You may be surprised to hear that researchers at the Harvard School of Public Health have found that consuming high-fat dairy offers significant protection against developing a number of metabolic problems, including the onset of type 2 diabetes.
What's more, in their study, which was funded by the National Institutes of Health, researchers found that people with a fatty acid known as trans-palmitoleate (which rises in direct proportion to the amount of high-fat dairy products you eat) in their blood had an impressive three-fold less likelihood of developing type 2 diabetes.
Read on for the full story, which turns the dogma about eating a low-fat diet on its head!
Researchers find a link between a specific fatty acid in the blood and lower risk of metabolic problems
To reach their findings, the researchers followed 3,736 participants who were enrolled in the National Heart, Lung and Blood Institute-funded Cardiovascular Health Study who’d been followed for 20 years in an observational study to evaluate the risk factors for cardiovascular disease in older adults.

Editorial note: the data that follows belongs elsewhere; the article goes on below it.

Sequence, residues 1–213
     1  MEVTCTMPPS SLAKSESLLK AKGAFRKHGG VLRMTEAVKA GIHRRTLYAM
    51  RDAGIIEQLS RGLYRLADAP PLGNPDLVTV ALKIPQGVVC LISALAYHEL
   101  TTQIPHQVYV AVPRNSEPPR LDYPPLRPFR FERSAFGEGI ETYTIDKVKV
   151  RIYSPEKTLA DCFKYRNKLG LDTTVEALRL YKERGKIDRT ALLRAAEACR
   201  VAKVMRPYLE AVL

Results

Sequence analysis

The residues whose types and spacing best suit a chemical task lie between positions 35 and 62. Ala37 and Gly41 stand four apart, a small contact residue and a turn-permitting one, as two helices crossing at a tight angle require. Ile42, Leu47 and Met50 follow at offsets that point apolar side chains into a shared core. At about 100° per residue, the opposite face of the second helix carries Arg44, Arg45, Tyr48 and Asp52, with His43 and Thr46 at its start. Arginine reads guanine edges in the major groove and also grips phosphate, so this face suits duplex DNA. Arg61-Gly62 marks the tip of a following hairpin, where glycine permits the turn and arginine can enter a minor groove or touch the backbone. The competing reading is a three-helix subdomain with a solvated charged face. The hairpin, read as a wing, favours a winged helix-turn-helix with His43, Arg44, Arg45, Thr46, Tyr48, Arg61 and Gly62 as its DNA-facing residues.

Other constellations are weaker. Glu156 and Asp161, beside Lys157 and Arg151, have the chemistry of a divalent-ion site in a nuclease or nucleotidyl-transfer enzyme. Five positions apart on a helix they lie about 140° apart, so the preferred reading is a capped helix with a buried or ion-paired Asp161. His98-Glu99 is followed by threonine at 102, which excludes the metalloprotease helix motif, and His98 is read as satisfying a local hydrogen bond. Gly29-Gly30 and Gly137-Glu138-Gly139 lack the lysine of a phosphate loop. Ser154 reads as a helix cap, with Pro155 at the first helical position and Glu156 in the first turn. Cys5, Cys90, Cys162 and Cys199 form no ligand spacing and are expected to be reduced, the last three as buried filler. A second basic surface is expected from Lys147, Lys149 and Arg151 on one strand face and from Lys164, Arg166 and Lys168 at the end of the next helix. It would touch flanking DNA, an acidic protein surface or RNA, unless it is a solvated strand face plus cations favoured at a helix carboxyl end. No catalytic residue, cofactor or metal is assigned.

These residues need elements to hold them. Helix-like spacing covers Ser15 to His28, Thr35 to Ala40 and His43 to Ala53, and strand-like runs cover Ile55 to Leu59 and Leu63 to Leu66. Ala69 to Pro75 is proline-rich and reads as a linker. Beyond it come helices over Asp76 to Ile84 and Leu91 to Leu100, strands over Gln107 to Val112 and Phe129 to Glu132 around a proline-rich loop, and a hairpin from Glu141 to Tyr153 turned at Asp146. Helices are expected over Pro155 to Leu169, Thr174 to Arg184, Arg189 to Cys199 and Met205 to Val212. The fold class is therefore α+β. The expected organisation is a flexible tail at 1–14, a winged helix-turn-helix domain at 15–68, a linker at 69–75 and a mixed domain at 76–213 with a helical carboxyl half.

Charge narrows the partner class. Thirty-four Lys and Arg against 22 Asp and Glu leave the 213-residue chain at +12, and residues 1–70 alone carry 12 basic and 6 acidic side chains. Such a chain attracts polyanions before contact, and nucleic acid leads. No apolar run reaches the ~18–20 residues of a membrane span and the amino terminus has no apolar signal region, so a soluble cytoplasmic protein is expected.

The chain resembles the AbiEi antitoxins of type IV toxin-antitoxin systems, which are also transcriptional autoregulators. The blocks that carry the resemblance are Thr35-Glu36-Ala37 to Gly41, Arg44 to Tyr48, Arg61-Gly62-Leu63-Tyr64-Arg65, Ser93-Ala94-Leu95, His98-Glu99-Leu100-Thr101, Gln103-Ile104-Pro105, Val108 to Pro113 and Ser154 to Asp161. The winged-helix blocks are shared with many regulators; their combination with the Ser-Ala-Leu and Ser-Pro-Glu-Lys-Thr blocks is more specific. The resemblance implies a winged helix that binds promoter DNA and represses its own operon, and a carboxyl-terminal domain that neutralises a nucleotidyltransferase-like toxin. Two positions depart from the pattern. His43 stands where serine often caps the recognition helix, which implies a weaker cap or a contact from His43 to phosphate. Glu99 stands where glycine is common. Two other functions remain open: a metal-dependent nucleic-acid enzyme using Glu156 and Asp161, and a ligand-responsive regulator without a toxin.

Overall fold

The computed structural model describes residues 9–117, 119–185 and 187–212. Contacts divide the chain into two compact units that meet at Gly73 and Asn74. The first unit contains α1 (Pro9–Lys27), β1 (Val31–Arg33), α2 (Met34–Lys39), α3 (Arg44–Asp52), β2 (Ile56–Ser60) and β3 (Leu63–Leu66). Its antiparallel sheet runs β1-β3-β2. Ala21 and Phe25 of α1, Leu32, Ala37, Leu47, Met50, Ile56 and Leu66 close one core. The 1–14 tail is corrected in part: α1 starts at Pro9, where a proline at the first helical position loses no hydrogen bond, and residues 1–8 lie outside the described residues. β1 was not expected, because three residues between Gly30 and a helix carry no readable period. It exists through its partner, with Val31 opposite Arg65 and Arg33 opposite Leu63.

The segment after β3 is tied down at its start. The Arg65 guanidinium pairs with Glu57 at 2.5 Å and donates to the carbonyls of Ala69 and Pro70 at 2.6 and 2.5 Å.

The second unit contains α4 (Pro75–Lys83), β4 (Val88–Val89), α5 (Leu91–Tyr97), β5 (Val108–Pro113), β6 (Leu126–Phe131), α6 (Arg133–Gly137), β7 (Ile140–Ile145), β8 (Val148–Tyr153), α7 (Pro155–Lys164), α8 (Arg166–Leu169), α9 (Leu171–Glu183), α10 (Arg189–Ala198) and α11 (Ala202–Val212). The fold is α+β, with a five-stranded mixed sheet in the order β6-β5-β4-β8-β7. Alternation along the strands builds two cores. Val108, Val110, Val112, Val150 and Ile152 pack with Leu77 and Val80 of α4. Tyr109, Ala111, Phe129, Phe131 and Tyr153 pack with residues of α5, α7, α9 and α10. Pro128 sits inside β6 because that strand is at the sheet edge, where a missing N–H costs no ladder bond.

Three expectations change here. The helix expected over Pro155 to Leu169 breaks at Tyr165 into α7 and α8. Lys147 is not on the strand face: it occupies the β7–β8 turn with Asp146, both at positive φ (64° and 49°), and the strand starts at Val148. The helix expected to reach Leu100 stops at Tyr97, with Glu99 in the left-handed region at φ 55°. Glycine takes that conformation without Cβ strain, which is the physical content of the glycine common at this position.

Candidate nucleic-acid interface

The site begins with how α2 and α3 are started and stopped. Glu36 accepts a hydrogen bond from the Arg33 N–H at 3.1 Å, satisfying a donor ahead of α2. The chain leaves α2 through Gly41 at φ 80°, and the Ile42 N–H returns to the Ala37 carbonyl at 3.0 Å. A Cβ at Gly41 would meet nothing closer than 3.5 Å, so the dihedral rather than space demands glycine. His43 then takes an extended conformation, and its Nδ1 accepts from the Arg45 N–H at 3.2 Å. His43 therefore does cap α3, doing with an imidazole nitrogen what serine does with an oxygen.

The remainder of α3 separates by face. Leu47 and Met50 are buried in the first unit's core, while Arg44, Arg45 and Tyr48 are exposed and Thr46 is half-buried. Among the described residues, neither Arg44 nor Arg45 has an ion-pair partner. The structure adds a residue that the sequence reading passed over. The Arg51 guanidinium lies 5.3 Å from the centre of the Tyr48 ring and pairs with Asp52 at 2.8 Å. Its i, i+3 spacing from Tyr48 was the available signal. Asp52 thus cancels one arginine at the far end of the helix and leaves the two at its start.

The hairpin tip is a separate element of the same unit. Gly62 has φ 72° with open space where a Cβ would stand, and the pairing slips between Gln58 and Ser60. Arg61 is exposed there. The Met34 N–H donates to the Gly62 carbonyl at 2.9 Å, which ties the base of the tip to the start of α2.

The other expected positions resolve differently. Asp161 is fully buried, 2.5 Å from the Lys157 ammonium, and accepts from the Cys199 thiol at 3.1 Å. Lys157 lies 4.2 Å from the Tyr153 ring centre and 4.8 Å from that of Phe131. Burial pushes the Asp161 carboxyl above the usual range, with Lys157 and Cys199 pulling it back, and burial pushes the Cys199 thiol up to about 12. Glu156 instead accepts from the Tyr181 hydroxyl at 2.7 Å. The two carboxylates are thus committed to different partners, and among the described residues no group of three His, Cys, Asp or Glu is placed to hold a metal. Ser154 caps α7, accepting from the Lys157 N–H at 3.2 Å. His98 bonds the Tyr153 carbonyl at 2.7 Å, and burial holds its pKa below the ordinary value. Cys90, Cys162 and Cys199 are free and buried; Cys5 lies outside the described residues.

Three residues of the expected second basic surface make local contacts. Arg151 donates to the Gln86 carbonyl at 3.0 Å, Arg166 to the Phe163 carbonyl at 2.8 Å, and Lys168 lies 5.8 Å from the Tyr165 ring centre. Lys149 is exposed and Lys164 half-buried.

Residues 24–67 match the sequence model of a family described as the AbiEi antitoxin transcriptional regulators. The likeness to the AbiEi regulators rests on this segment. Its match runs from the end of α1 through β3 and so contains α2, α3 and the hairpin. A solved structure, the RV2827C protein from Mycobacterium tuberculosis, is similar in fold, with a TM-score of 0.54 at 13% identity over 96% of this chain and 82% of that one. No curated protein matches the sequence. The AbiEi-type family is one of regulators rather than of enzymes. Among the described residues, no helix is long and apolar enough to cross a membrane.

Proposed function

In 1992, blood samples, including samples of fatty acid content present in the blood, were collected. At baseline, the researchers found a link between higher circulating levels of trans-palmitoleic acid and healthier levels of blood cholesterol, insulin levels, insulin sensitivity and inflammatory markers.
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Study concludes that consuming high-fat dairy lowers risk of type 2 diabetes
During the follow-up period of the study, the researchers found that participants with higher circulating levels of trans-palmitoleic acid had a much lower risk of developing type 2 diabetes
. Those in the highest quintile of trans-palmitoleic acid levels had a 60% lower risk of type 2 diabetes compared with those in the lowest quintile.
“This represents an almost three-fold difference in risk of developing diabetes among individuals with the highest blood levels of this fatty acid,” said Mozaffarian, lead author of the study. “This is an extremely strong protective effect, stronger than other things we know can be beneficial against diabetes.”
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